The Silver Bullet strikes business gold
On the 9th of August 2012, on a starlit, muggy evening in London, 18-year-old Nijel Amos lined up for the 800m Olympic final.
The next 102 seconds (1min 41.73 to be exact) would change the course of the teenager’s life forever.
He crossed the finish line second, smashing his own national record to win the country’s first Olympic medal.
Six years on, and the Marobela marvel’s London achievement remains the pinnacle of Botswana athletics.
Although he continues to work hard on the track, Amos has a keen interest in business and recently launched ‘Chase Dream Empire’, which includes four ventures under one roof.
The proud father of one sat down with Voice reporter SHARON MATHALA at his plush office in the Gaborone Commerce Park area to give a little insight on his new path.
The ‘silver bullet’ is clad in a blue suit, which compliments the colours of his security business.
We find the athlete in a heated meeting in his boardroom whilst we wait.
He eventually exits under the escort of one of his ‘agents’, the agent comes back and ushers us into the runner’s office.
After exchanging pleasantries, Amos explains his business model…
Q. For someone who has never heard of Chase Dream Empire, what would say your company represents?
A. Chase Dream Empire is a place of hope.
It is place where creatives meet and come up with creative ideas that will push the country forward and, most importantly, in the process create employment.
Under Chase the Dream I have a security business, a water business, a transport business as well as an artist label that we are still trying to push.
It is basically an empire where dreams come true.
Q. You are a busy man travelling all over the globe competing in the world’s biggest athletic competitions – how did the idea Chase Dream Empire come about?
A. It is not a complex story really, the idea first started with a company that I called ‘Strong Points’.
The business idea was great back then but I did not have the proper planning to back it up so, in 2013, it died out.
As time went by I decided to host an end of year event for the Marobela community so at first Chase Dream Empire was just about the end of year event, I eventually decided to widen the company’s scope to include all the other ideas.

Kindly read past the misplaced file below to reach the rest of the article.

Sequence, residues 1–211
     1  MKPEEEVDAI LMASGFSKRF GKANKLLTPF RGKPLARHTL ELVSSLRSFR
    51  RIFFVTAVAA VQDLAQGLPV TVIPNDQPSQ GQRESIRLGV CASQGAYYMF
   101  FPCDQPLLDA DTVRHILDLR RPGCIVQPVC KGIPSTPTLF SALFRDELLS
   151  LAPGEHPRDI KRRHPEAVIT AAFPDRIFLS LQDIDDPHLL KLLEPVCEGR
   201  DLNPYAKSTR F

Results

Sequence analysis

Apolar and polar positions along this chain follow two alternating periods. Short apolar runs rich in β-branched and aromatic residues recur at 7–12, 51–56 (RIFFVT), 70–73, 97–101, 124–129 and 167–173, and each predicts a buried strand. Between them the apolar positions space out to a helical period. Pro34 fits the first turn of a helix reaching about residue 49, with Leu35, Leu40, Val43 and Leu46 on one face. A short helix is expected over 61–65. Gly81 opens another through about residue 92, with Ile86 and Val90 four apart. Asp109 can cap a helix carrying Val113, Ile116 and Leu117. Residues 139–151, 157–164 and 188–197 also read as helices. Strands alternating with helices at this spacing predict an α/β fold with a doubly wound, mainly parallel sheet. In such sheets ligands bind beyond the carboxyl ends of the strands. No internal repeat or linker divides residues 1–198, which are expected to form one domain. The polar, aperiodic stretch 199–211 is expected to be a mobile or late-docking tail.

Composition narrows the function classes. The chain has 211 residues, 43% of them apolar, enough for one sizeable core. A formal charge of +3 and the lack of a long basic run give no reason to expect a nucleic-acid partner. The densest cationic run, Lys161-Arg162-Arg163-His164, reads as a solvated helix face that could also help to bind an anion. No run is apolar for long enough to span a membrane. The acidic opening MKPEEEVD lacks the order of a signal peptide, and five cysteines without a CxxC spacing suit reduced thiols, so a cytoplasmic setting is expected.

Q. Looking around, your staff seems to consist predominantly of youth. Was that a deliberate move?
A. I mean of course, I fall under the youth bracket myself and more than anyone I understand the hardships my peers go through.
I was lucky enough for God to give me the talent I have, so with that it was only inevitable that I too give my peers a chance to better their lives.
I have a staff of about 22 people but I have an older guy who is 74 years old.
He is like a big brother to us in the family.
Q. I hear one of your staff members is the recipient of a presidential pardon?
A. Yes. When I heard his story and how he was finding it difficult to restart his life outside prison without the shadow and discrimination following him I just had to take him in.
I mean his story inspires me a lot and at Chase Dream Empire we are all about realising dreams and not being judgmental on anyone about their past.
He was one of those released by former HE, Ian Khama and has really rehabilitated his life.
Q. You came into the spotlight at a very young age, how have you been able to handle the pressure that comes with being a national and international icon?
A. You know it’s funny that you say that; people often forget that I came into the limelight at such a young age.
I was only 18 years old – an 18-year-old boy not from the city but from Marobela.
I was a teenager and people did not at the time allow me to make mistakes that all teenagers are bound to make.
But what kept me going is knowing that I had to provide for my family; I was raised by my Grandmother with nine children at home so I knew what was expected of me with the God-given talent I have.
Q. You suffered a near career ending injury back in 2013 when you tore your quadriceps. It forced you to miss the World Championships when you were seen as one of the favourites for Gold. Emotionally and psychologically, how were you able to overcome that setback?